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To wonder why she's thinking of home schooling?

(72 Posts)
SharkiraSharkira Mon 06-Nov-17 20:53:55

I am not wishing to sound judgemental or critical because I think that for some children/parents home schooling can be very beneficial!

I'm just trying to get some perspective from others who have more experience with it. Reason being is that dss' mum has recently asked dp about home schooling dss. He doesn't really know much about it either way but from what I do know I would think dss is better off in school for the following reasons:

He is a very sociable child with lots of friends at school. If he was at home he would have very limited opportunities to interact with his peers

He is doing well academically, and has no trouble with bullies or anything similar

Dss' mum works part time but has multiple health issues and somewhat limited mobility.

It seems to be that there would be no real benefit to taking him out of school and that she might struggle to keep him stimulated and challenged given her health issues and it might be too much for her to manage. I mean that kindly.

But I'll be honest and say I don't have any experience of it. Aibu to think it's a bad idea?

Toffeelatteplease Mon 06-Nov-17 20:55:11

Have you asked her? Benefits differ from child to child

newtlover Mon 06-Nov-17 20:58:03

Is DSS resident with you and DP or with his mum?
You can only ask really why she thinks its a good idea.

Witsender Mon 06-Nov-17 20:59:08

As above. It is far from the easy option so I tend to assume a parent has a good reason to consider it. Even 'sociable' children can enjoy it.

Lucked Mon 06-Nov-17 21:01:57

How old is DSS is he old enough to understand and give an opinion?

Has the mum given a reason?

SharkiraSharkira Mon 06-Nov-17 21:02:18

I don't want to seem like I'm interfering because it is for his parents to decide and not really any of my business but from my, albeit limited knowledge, most parents seem to consider home schooling because of either;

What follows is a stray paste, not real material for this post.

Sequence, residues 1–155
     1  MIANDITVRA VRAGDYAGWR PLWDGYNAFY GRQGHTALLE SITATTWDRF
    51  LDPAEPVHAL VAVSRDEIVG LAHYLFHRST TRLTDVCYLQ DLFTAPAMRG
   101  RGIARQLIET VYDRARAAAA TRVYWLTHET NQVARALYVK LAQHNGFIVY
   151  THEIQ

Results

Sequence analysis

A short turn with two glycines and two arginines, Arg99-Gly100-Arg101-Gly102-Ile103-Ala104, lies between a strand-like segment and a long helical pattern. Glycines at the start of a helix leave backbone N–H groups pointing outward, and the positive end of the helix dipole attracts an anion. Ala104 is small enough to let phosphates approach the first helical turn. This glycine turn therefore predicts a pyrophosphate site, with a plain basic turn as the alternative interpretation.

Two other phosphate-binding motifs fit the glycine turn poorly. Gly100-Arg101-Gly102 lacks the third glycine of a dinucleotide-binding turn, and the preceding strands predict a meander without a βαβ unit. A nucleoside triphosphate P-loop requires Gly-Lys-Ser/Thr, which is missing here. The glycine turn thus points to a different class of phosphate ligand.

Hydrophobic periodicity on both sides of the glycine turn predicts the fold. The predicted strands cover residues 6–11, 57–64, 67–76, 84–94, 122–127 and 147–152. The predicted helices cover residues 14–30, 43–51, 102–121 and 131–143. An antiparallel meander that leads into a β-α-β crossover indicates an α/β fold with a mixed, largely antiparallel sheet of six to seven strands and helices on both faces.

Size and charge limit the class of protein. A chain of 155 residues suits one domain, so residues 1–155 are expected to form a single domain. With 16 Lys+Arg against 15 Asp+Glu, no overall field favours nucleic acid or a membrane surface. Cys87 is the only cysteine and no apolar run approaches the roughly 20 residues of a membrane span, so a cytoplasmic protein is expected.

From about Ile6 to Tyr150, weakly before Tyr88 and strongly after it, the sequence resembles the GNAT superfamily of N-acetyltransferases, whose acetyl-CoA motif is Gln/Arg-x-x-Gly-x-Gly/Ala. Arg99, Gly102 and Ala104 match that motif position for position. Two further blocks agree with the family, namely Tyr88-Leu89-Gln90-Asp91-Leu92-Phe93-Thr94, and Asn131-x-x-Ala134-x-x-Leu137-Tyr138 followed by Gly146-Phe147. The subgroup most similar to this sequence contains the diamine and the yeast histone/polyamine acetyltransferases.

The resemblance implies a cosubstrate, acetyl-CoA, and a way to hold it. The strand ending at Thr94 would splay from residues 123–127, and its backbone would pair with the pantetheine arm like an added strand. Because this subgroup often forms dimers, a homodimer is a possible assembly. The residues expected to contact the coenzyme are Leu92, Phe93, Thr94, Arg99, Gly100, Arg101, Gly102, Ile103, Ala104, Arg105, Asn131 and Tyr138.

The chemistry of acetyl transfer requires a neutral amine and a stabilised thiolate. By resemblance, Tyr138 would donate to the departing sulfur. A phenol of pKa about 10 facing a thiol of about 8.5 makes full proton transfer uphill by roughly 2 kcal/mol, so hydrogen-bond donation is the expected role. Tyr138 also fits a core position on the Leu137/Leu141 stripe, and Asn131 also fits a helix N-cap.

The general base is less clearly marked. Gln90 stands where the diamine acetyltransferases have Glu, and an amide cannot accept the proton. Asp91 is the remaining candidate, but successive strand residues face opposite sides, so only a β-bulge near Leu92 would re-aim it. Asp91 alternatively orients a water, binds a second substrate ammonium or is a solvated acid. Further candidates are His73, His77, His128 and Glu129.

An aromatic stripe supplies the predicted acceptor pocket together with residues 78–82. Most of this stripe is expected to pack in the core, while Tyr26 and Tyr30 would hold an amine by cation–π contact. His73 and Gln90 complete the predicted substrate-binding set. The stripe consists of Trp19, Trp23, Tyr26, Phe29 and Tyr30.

Difficulties socially
Special needs not being managed effectively
Child generally unhappy
Religious beliefs
Not progressing academically

There probably are other reasons I just don't know them! None of the above apply to dss though.

I'm just trying to help dp make the decision that is best for dss.

Witsender Mon 06-Nov-17 21:03:17

I know a lot of home educators, and many have nine of those reasons tbh. For many it is a positive, proactive choice and not in reaction to a negative experience of school, if you see what I mean

SharkiraSharkira Mon 06-Nov-17 21:05:04

Dss is yr5 so definitely old enough to have an opinion. I don't want to ask him directly yet as I'm not sure if she has mentioned it to him.

We don't really speak (me and dss' mum) and I don't think she would want to discuss it with me.

Toffeelatteplease Mon 06-Nov-17 21:05:27

You think none of those apply to DSS. Does his mum agree. That's why first point of call should be what does she think the benefits are.

Some kids just find it an awesome way of learning.

SharkiraSharkira Mon 06-Nov-17 21:05:48

Fair enough wit, why do they feel it is the best opinion in that case?